• Goods-Adjacent Services Sees Disinflation Sooner: Contrary to the Fed's potted framing, goods and services are not so neatly separable. The price of automobiles, food, and even energy have implications for major sources of core services inflation. Stabilization in those goods prices has disinflationary implications for motor vehicle services (rental, leasing, repair, insurance), food services, transportation services (e.g. airfares). We don't expect the handoff here to be imminent but if it were to transpire, it would definitely accelerate the path back to 2%.
  • Peak Monthly Rent CPI Inflation: We're not so confident that rent CPI readings will trend down so linearly from here, even as we see all the signs of longer term deceleration (slower job growth, slower wage growth, slower household formation, improved supply, slower market rents). It would likely require 2-3 months of disinflation to know that we are past the peak.

Final Note: Is The Most Important CPI Component To Fed Policy Outside Core CPI? Keen observers will know that food services are not included in core CPI but are included in core PCE. Food services takes even more importance in the Fed's "Core Services Ex Housing PCE" aggregation. But the dirty secret about food service prices is that they are highly connected to "food at home" prices that are excluded from both core CPI and core PCE. If food at home prices continue to decelerate as they have in the past few months, we expect food service prices to follow (with some lag).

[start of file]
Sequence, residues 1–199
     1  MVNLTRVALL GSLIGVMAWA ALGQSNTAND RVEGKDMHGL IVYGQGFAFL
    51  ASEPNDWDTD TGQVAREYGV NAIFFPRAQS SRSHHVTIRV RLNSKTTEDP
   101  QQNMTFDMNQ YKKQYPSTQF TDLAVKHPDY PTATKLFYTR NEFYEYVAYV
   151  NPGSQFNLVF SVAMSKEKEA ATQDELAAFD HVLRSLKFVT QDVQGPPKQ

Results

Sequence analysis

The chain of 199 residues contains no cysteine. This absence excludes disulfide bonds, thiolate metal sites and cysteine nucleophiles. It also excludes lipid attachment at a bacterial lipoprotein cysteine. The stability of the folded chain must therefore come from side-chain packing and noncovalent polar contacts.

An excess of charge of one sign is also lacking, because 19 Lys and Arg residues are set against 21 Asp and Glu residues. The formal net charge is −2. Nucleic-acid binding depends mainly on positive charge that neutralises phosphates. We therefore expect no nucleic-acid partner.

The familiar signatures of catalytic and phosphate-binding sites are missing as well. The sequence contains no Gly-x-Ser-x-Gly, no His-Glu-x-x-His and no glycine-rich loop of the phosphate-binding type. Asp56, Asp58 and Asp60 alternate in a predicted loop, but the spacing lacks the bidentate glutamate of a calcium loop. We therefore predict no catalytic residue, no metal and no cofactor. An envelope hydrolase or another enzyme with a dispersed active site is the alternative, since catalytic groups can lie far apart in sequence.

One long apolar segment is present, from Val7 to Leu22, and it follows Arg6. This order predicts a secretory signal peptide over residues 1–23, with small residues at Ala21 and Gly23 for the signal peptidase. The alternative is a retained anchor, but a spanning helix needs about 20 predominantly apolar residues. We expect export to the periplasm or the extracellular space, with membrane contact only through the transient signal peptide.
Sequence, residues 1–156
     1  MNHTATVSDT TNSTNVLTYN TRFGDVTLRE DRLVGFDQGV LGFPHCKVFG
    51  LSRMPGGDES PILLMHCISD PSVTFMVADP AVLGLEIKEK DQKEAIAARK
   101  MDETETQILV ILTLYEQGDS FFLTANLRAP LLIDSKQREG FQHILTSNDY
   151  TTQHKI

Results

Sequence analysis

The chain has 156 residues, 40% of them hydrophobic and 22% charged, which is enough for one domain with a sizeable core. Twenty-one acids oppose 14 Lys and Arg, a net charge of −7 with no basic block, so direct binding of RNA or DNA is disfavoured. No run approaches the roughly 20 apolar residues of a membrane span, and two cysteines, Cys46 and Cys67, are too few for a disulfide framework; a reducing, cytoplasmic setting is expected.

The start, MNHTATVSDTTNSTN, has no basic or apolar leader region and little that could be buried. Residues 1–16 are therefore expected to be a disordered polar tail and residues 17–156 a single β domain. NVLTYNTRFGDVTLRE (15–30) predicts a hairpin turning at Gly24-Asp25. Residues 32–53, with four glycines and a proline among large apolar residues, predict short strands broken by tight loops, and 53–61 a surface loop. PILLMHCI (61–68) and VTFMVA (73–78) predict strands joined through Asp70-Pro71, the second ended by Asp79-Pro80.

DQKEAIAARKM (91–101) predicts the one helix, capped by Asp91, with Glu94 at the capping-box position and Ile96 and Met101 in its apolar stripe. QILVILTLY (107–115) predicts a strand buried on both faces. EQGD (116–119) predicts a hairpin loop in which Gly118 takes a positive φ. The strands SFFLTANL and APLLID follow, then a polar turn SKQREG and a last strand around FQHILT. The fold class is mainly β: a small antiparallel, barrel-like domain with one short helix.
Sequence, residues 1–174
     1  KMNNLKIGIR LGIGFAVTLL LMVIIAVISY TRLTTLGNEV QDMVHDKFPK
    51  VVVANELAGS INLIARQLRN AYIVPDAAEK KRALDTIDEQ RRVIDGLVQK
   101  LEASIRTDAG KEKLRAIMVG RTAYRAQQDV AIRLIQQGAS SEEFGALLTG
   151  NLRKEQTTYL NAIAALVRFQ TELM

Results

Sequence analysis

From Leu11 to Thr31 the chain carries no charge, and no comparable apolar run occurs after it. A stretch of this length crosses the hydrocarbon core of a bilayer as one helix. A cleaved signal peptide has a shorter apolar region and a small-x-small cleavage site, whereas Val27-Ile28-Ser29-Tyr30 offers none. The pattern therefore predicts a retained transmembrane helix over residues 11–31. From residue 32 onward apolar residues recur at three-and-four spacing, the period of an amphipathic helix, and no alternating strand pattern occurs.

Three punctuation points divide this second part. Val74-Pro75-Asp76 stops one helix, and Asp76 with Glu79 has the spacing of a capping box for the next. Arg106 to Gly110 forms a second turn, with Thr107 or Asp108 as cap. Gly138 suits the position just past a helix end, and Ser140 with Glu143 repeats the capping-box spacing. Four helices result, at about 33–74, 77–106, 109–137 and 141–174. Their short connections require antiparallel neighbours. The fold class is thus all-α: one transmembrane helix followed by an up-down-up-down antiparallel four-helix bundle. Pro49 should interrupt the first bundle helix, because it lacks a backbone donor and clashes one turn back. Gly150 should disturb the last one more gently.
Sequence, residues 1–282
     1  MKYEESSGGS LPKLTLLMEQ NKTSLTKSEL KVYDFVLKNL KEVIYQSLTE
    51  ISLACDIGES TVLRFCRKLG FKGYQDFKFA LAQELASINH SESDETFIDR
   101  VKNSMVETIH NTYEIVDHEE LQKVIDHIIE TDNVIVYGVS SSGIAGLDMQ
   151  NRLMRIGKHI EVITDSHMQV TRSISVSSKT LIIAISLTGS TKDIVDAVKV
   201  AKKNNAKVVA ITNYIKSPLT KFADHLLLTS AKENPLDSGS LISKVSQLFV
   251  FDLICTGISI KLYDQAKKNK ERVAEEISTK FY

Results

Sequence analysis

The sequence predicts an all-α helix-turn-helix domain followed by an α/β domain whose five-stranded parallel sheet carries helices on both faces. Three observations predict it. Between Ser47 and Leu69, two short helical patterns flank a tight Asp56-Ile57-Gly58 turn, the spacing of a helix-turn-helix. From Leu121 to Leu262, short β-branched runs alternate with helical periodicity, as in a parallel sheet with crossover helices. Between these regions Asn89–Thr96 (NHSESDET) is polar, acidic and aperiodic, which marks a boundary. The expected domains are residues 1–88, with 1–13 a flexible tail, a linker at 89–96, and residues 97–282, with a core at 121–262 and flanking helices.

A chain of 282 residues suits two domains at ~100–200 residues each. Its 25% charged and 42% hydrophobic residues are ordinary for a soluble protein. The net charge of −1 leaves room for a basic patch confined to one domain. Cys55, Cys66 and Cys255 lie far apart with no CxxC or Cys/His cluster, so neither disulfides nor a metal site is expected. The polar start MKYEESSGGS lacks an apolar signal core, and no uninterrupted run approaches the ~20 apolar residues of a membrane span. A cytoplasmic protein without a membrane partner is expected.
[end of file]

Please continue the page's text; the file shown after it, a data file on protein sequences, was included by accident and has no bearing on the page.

Non-Core CPI Components

Core CPI Components

Headline PCE, Core PCE, CSXHP Heatmaps

Past Inflation Previews and Commentary

  1. 2/12/21: The Good, The Bad, and The Transitory
  2. 10/27/21: Offsetting Persistent Inflationary Pressures With Disinflationary Healthcare Policy
  3. 11/8/21: Q4 CPI Preview: What Will Hot Q4 Inflation Tell Us About 2022 Dynamics?
  4. 12/9/21: November CPI Preview: Planes, Constraints, and Automobiles: What to Look For in a Hot November CPI Print
  5. 2/9/22: January CPI Preview: Calendar Year Price Revisions Skew Risks To The Upside in January, But The Balance of Risks May Shift Soon After
  6. 3/9/22: Feb CPI - Short Preview: Inflection Points - Headline Upside (Putin), Core Downside (Used Cars)
  7. 4/11/22: March CPI Preview: Managing The Endogenous Slowdown: Transitioning From A Rapid Recovery To Non-Inflationary Growth
  8. 5/10/22: April CPI Preview: Subtle Headline CPI Upside, But Core PCE Should Reveal More Disinflation
  9. 6/9/22: May Inflation Preview: Peak Inflation? Not So Fast, My Friend. Upside Surprises Loom Large
  10. 7/12/22: June Inflation Preview: Lagging Consensus Catches Up To Hot Headline, But Relief Nearing…
  11. 8/8/22: July Inflation Preview: Finally, Fewer Fireworks
  12. 9/9/22: August Inflation Preview: Can Used Cars & Gasoline Overcome The Rest of The Russia Shock?
  13. 10/12/22: September Inflation Preview: Timing The Goods Deflation Lag Amidst Hot Inflation Prints
  14. 11/12/22: October Inflation Preview: When Will We See The 'Real' Goods Deflation Materialize? Until Then, Rent Rules Everything Around Me
  15. 12/12/22: November Inflation Preview: The Goods Deflation Cavalry Is Coming, But OER Can Upset An Optimistic Consensus Tomorrow
  16. 1/11/23: December Inflation Preview: Risks Skew To The Downside, But Upside Scenarios Remain Plausible